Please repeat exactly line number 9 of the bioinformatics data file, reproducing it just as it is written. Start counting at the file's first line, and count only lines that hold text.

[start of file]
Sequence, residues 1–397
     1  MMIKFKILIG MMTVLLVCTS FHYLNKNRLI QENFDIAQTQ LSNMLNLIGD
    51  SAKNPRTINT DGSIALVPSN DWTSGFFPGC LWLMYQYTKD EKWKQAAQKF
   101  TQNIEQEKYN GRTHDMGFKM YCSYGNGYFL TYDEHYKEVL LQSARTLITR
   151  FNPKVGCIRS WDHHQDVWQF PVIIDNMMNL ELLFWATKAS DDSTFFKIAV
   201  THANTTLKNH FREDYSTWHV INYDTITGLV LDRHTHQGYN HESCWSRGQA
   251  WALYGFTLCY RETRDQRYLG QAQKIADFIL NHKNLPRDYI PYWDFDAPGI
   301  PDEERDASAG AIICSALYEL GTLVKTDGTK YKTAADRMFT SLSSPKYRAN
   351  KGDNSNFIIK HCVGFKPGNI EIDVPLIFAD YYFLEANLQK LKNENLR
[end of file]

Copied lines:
   351  KGDNSNFIIK HCVGFKPGNI EIDVPLIFAD YYFLEANLQK LKNENLR